Biological Membranes and Malaria-Parasites

The Open Parasitology Journal 31 Jan 2019 REVIEW ARTICLE DOI: 10.2174/1874421401907010001


Paludisme "a word derived from Latin palus meaning swamp" or Malaria " a word derived from Italian mala'ria meaning bad air", designed by the bad air from swamps, is an infectious disease caused by a parasite of the genus Plasmodium transmitted by female mosquitoes of the genus Anopheles generating millions of deaths each year. Biological membranes have a major role in cells invasion by Malaria parasites. Phosphatidylserine and phosphatidylinositol are essential for the invasion of erythrocytes by Plasmodium. Plasmodium binds to the erythrocyte membrane via glycolipids. Cholesterol is responsible for the uptake of host proteins and maintenance of intracellular parasitophorous vacuolar membrane. Malaria parasites invade red blood cells by binding to multiple membrane receptors at the level of the spectrin, band 3, actin, glycophorin, band 4.1, band 4.2, aquaporin-1, band 7, and ankyrin. Parasitic proteins such as the reticulocyte-binding like family bind to the membrane erythrocytic proteins and play a major role in the mechanisms of invasion of red blood cells by Plasmodium. Susceptibility to Plasmodium invasion is linked to the terminal stages of the differentiation of red blood cells. This review highlights the complex interactions between biological membranes and malaria parasites.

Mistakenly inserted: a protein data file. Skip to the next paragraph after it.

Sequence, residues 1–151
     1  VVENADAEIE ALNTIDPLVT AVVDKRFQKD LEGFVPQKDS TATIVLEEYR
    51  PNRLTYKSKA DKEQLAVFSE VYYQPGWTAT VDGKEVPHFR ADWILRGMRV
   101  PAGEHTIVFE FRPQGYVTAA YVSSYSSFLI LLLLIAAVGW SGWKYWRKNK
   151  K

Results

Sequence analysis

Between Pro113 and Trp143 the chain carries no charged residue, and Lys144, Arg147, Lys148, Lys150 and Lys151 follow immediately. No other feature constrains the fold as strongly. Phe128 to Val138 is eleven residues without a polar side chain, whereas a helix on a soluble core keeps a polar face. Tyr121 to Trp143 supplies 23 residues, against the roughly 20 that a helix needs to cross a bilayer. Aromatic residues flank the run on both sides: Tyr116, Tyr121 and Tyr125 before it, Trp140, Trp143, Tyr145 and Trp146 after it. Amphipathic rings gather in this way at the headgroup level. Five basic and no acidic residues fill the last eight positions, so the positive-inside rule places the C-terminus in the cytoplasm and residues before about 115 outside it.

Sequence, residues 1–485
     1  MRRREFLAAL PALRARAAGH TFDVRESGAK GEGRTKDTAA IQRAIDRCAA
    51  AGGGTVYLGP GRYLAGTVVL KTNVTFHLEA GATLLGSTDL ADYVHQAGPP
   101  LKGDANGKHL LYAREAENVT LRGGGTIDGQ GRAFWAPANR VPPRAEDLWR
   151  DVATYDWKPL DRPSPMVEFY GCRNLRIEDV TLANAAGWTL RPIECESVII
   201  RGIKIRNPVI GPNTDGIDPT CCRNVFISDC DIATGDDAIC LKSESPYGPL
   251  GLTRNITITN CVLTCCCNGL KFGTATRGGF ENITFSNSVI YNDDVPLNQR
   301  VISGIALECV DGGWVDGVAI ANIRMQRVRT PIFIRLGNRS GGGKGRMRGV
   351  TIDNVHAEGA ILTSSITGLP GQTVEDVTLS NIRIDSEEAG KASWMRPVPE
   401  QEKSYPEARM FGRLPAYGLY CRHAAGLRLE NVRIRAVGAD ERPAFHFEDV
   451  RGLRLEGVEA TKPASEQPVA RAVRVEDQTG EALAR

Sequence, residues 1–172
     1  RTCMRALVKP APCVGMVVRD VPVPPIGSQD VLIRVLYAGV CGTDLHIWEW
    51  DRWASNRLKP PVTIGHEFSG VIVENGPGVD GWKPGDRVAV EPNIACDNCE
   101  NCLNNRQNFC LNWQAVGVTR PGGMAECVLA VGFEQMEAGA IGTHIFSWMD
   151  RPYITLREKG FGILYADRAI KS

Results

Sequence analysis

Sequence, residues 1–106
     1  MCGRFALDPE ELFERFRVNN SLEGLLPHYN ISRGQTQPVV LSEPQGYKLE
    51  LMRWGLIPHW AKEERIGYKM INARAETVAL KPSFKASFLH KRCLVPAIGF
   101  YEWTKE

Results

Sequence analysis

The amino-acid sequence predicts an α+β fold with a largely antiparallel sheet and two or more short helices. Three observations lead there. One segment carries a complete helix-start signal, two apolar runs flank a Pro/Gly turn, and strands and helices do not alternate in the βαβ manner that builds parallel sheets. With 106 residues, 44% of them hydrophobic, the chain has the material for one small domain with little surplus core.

Keywords: Paludisme, Malaria, Plasmodium, Pathogenesis, Membranes, Red Blood Cells, Theranostic.
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